Rediscovering some poetry the last few days, here’s a favourite from Walt Whitman:
Not from successful love alone,
Nor wealth, nor honor’d middle age, nor victories of politics or war;
But as life wanes, and all the turbulent passions calm,
As gorgeous, vapory, silent hues cover the evening sky,
As softness, fulness, rest, suffuse the frame, like freshier, balmier air,
As the days take on a mellower light, and the apple at last hangs
really finish’d and indolent-ripe on the tree,
Then for the teeming quietest, happiest days of all!
The brooding and blissful halcyon days!
Years and years ago when I first read this poem, I figured I knew what halcyon meant, just based on the poem. Yesterday, the poem came to mind in the most random moment, as I was driving home from work. It was just before sunset and I was taking the long way home near my favourite ocean access. I stopped for a little while, just watching the water and being reminded of how awe-some and beautiful the ocean is when Whitman’s words weaved into the moment.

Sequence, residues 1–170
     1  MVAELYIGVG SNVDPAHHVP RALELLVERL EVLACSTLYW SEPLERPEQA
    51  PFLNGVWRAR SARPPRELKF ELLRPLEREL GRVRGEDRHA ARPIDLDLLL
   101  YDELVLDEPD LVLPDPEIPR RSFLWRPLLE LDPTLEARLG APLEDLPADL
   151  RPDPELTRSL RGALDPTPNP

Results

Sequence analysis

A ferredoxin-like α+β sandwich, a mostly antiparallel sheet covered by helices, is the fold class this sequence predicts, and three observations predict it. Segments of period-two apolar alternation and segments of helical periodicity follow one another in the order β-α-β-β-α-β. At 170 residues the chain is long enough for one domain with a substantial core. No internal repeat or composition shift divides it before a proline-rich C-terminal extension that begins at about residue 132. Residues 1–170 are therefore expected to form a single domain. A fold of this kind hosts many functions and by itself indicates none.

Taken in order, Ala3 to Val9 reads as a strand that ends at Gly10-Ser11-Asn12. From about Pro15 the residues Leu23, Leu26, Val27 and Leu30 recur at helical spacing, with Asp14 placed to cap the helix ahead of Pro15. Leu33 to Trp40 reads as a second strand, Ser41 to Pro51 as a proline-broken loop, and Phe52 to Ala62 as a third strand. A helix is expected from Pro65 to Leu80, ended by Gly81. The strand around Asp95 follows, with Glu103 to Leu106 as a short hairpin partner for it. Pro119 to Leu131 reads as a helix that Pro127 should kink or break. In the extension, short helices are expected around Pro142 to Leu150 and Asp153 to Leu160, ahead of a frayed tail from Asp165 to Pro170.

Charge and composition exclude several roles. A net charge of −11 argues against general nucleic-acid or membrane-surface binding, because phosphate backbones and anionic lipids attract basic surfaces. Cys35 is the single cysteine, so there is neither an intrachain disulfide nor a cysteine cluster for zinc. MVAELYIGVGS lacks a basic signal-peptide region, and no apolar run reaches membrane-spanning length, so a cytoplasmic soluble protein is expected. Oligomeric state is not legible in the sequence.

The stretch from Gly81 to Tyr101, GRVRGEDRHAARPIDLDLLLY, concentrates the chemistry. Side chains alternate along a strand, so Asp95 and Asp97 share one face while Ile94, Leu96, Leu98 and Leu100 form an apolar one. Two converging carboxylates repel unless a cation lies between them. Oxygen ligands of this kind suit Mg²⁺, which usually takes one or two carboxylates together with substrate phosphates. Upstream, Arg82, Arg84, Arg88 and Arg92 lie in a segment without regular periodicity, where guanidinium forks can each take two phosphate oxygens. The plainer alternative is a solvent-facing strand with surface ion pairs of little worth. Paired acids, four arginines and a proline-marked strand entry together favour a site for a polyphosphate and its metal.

I came home and did some reading about the poem. Here’s the most interesting part:
Halcyon is a name for a bird of Greek legend which is commonly associated with the kingfisher. The phrase comes from the ancient belief that fourteen days of calm weather were to be expected around the winter solstice – usually 21st or 22nd of December in the Northern Hemisphere. as that was when the halcyon calmed the surface of the sea in order to brood her eggs on a floating nest.
Halcyon means calm and tranquil, or ‘happy or carefree’. It is rarely used now apart from in the expression halcyon days. The name of the legendary bird was actually alcyon, the ‘h’ was added in regard to the supposed association with the sea (‘hals’ in Greek).
What is so neat about this is that there is a lone kingfisher that lives at the lagoon. He was pointed out to me months ago and I find myself looking for him every time I am in the area. Last night, I forgot about the kingfisher until I was getting back into my car and I took one last glance at the water, and the kingfisher flew right across the water, about a hundred feet away. The only bird out at that moment and it was beautiful. Breathtaking even.
And the simple thought that this poem reflects how things are going right now, it’s nice to have some things falling into place right now. Not everything, but some things. I’d like to believe it’s reward for being patient and not crying or yelling every day. But who knows, either way…I kinda like it, these halcyon days. And the kingfisher and all it represents.